Obsolete House – Gayuh Budi Utomo Creates a Home from Scrap Building Materials

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This small home has been squeezed into a narrow plot of land in Indonesia. The house is flanked by two buildings on each side, limiting window opportunities to the front, rear, and roof.



The project, which was completed in 2016, has been been titled The Obsolete House. It’s been designed by a local architecture firm called Gayuh Budi Utomo.



The two-story building is spread over an area of 884.79-square-feet (82.2-square-meters), which would result in a home with a total floor area in the region of 1,500-square-feet (139-square-meters), if not for the fact it features a mostly void second floor.


The Javanese base and island houses are communal houses, the rooms are known as public rooms, a gathering place for many people. – Gayuh Budi Utomo


The house was constructed with scrap building materials, and it’s from these scrap materials that the project gained its name – materials deemed “obsolete” in other projects were used to create something new.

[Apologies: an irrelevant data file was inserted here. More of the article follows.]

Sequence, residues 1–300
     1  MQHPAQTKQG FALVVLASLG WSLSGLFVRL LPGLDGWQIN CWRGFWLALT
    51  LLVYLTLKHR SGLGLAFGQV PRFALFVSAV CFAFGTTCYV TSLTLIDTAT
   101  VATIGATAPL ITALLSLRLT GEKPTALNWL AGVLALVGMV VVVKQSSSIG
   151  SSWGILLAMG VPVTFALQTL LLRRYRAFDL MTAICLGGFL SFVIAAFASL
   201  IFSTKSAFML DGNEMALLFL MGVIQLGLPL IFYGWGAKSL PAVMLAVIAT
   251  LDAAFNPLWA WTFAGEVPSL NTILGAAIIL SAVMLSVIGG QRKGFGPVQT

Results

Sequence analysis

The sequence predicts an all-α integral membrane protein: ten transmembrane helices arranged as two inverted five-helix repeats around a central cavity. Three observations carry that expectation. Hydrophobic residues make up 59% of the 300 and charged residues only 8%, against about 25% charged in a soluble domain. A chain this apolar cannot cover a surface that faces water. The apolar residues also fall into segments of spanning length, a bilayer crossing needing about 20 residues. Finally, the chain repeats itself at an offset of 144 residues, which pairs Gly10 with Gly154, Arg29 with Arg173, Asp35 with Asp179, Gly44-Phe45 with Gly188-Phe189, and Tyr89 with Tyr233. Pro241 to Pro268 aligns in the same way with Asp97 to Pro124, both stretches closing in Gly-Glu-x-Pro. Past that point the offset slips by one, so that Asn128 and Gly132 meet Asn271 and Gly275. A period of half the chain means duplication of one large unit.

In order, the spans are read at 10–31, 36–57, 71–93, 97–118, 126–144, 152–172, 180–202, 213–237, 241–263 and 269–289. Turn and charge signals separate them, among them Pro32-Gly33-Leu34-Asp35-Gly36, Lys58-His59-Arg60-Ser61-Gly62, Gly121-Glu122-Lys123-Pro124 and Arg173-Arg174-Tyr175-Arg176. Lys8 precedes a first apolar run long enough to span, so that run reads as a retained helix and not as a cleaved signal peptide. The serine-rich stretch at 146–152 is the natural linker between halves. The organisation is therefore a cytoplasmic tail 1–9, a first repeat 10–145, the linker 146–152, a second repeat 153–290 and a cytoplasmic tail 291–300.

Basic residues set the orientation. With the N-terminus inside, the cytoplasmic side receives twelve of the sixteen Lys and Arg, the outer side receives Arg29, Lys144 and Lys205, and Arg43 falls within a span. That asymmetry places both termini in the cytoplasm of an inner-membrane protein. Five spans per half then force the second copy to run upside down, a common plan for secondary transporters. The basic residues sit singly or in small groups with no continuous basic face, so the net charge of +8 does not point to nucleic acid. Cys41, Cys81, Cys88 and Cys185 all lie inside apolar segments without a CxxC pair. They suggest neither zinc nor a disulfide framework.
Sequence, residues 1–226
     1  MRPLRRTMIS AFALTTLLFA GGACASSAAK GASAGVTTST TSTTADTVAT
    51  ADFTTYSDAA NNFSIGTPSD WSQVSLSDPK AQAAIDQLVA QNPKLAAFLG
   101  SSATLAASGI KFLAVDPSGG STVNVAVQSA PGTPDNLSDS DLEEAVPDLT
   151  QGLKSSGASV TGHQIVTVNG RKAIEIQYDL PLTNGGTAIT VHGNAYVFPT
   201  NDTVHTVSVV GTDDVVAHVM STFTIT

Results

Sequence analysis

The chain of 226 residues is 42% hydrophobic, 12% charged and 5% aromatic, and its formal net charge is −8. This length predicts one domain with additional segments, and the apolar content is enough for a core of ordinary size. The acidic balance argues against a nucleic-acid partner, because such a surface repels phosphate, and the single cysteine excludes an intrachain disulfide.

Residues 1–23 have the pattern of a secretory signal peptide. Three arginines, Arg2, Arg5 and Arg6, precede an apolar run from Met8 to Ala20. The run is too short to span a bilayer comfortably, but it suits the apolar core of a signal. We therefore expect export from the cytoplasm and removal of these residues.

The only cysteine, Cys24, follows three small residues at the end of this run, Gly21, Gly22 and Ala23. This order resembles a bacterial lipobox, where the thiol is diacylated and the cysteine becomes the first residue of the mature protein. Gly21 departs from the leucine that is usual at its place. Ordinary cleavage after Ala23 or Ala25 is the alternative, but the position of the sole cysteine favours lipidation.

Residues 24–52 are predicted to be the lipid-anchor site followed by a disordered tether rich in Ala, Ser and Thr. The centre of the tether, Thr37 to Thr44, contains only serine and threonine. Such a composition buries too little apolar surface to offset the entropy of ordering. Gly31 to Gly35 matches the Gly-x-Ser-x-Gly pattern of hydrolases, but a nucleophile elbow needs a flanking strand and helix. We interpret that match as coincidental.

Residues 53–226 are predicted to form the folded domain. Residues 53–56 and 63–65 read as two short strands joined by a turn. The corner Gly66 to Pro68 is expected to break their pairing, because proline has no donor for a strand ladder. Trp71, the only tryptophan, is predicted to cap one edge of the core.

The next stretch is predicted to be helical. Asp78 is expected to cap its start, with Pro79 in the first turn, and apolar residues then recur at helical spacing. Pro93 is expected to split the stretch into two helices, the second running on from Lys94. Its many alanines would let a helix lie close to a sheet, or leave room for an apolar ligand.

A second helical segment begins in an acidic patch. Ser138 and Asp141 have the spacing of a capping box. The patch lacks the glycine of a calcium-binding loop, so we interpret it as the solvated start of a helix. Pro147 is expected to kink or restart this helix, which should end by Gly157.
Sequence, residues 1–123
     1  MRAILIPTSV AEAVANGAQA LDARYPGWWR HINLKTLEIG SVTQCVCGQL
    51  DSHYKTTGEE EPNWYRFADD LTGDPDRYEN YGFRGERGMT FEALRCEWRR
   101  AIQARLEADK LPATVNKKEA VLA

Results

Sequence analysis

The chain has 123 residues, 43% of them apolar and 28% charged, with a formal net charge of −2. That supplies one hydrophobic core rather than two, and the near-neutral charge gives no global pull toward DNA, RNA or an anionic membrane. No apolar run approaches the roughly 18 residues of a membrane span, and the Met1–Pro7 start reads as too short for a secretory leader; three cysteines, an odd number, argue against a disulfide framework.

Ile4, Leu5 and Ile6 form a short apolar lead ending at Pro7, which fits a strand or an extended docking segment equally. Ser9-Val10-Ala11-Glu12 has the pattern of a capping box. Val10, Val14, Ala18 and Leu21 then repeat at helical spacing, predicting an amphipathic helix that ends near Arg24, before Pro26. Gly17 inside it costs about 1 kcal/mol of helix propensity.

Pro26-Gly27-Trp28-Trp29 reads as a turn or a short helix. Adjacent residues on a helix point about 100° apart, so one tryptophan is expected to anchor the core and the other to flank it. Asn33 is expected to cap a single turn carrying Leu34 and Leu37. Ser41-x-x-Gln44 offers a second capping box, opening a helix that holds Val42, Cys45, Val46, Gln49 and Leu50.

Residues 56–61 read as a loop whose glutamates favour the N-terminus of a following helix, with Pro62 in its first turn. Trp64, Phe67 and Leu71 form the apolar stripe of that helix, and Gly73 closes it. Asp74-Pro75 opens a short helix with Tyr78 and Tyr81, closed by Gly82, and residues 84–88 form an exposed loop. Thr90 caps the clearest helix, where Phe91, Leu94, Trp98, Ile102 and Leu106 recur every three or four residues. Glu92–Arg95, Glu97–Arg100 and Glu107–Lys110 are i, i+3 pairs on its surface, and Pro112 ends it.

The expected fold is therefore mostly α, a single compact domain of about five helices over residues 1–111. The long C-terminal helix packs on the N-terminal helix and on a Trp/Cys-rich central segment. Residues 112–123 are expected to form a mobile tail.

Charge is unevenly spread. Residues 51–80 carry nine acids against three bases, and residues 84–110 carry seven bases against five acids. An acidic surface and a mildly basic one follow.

The impact of using waste materials to create a home lead to surprising results. The interior is a mix with materials and finishes, carefully brought together to produce a harmonious home.


The first floor contains a garage, a large entrance hall, kitchen, dining area, bedroom and a bathroom. The second floor contains a study and a second room. Much of the second story overlooks the first floor below.

By thinking and feeling essentially and out of the box, ultimately he discovers the creativity strength of the materials, from local wisdom and the spaces that are created inside. – Gayuh Budi Utomo


Photos © Mansyur Hasan

Niall Burke

Structural engineer by day, tiny house designer by night. Niall has a keen interest in small spaces, green design, and sustainability. He started developing Humble Homes while studying for his masters degree in engineering. He is the founder and managing editor of Humble Homes.

  1. Interesting. I would have used white paint inside and see any wood could have been found and made into shelving units to be used for glasses, pots and pans and kitchen items and can goods or canisters with curtains covering to give privacy. Depending if bedroom or bathroom, another unit on top possibly facing the opposite direction and use for clothing or towels, sheets, blanket, soap or detergent.

  2. Hate… but HATE… rough concrete walls. Especially internal… and that table/bench? Yech! But, the whole concept I think is really, really good… except for that darned rough unfinished concrete texture.